URAL OWL

June 16 Hedemora, Sweden. Upon our arrival at at Stockholm’s international airport the immigration officer dutifully asked a round of penetrating questions:  “Purpose of your visit?”  Vacation.” “Where are you staying?”  “Stockholm.” “How Long are you staying?” “Three weeks.”  He looked up sharply and retorted; “Three weeks! In Stockholm?”  Well, actually no, that was only a part of the plan.

It’s a majestic and apparently well-functioning city and we’ve seen bits of it from a few of its many sides; and have no complaints. But today it was time to leave the city for another part of Sweden, Dalarna, a ‘landskap’ or province to the north of the capital and the emotional folk-heart of the country. To my mind, it has a landscape not unlike that of Maine, made of abrupt forest-covered hills with wide knee-deep green farm fields between, like rolled out carpets at their feet.  It was among the quiet and sometimes darker corners of this countryside that I started seeing and hearing different and sometimes quite startling birds. I kept thinking I was seeing my bird of the day until the next surprise popped up.

First, Goldfinches, a species that for centuries was caught and kept as cage birds for their musical tinkling songs, carmine red faces and bright yellow wing-flashes, I saw a couple flying beside us along a quiet roadside where thistles and other rich seed-bearing plants provide plenty of food.

European Goldfinch

European Goldfinch

Next came a Cuckoo, clearly heard but not seen. The first of the year confirms the arrival of full blown spring in Northern Europe. It’s often difficult to be sure just how close or how far away it is when you first catch the distinctive two-syllable call. Like the goldfinches, cuckoos have a centuries-old place in the soul of country-folk and find expression in cuckoo clocks and classical music.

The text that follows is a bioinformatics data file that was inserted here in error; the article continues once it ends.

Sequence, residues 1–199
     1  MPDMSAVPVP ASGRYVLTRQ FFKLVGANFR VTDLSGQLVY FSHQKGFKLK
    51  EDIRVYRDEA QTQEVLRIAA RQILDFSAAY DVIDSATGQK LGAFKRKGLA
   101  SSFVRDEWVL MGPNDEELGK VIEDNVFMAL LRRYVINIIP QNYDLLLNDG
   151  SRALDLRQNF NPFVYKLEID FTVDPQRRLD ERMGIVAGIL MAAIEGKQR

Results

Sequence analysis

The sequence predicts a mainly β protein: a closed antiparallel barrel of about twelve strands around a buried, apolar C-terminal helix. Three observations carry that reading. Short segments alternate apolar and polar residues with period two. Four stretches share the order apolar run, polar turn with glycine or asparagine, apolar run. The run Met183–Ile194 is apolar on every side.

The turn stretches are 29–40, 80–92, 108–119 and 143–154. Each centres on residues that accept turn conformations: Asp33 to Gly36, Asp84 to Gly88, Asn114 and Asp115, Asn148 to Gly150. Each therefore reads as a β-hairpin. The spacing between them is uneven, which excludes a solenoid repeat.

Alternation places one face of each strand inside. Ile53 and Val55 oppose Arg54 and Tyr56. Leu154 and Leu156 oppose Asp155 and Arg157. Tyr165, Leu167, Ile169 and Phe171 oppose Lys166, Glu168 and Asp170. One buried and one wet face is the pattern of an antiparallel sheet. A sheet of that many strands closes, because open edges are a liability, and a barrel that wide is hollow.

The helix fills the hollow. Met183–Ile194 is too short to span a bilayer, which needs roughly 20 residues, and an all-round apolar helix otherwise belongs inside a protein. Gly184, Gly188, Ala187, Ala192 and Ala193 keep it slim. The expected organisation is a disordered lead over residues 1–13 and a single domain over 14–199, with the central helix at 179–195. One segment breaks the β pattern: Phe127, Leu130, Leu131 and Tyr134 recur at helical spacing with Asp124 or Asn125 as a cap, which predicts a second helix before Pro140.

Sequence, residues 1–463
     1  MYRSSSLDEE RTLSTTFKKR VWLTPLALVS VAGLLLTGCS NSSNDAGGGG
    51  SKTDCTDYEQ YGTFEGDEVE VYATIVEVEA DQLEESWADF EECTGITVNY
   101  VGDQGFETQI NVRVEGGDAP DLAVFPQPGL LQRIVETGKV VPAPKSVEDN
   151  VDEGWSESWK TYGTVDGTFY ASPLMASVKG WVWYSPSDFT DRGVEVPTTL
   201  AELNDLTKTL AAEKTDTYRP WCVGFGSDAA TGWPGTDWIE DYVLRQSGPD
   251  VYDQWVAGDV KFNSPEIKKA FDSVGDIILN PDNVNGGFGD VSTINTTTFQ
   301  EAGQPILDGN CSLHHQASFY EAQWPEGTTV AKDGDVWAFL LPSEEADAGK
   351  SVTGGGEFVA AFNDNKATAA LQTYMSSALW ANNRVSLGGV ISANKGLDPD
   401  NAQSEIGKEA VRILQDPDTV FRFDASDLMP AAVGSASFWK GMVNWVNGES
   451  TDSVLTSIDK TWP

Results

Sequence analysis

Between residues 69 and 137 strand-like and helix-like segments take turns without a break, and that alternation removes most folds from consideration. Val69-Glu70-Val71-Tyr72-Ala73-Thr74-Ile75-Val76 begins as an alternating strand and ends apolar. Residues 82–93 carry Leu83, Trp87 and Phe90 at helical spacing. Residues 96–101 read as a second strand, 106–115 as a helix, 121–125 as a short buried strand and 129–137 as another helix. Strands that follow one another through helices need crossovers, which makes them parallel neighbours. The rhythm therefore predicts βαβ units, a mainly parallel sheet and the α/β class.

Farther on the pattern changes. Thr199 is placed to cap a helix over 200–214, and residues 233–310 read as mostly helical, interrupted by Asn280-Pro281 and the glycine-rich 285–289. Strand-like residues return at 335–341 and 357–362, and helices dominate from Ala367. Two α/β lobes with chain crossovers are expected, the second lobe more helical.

But Bird of the Day has to be a Ural Owl (although there was to be stiff competition later). We spotted this bird flying away from us on large silent wings and into a forest clearing as we drove along a narrow, quiet road. My companions (non-birders all) were mildly impressed at the glimpse of an owl, but I needed more and was wondering how this guest in Sweden could reasonably kick and scream to get it. With some urging and assurances of the possibility of success, I suggested that we back up slowly to the same clearing. The bird was just where we’d seen it go to, on a branch about fifty metres into the forest, but not at all relaxed at being rediscovered so after a few seconds flew away deeper into the forest and out of sight. I’d seen enough though to be able to go to my field guide later and be sure that it was a Ural Owl, in shape somewhat like a small Great Grey Owl, no other owl of that general shape and size has a range that includes Sweden.

The last sighting that almost displaced the Ural Owl from its Bird of the Day status was a group of Cranes seen far off in a tilled field. My driver companion was pretty sure that I’d lost all sense of rational proportion when I begged him to stop while I inspected and tried to photograph a distant group of Cranes (of all things). They’re common enough around here and something of a noisy spectacle when they first return in spring, but apparently really not anything to get all that excited about. Easy for him to say, but these are not good old Sandhill Cranes (Grus canadensis), but Cranes! The original benchmark of the genus Grus, in this case Grus grus; Crane. As is the case with so many European birds’ names, it lacks any adjectival component, so it’s just Crane, or just Robin, Kestrel or Goldfinch; it’s been the task and burden of the rest of the world to distinguish their new-found lookalikes with something to set them apart. Well, we’re happy enough to do it.

Cranes, flying in

Cranes, flying in

distant Cranes

distant Cranes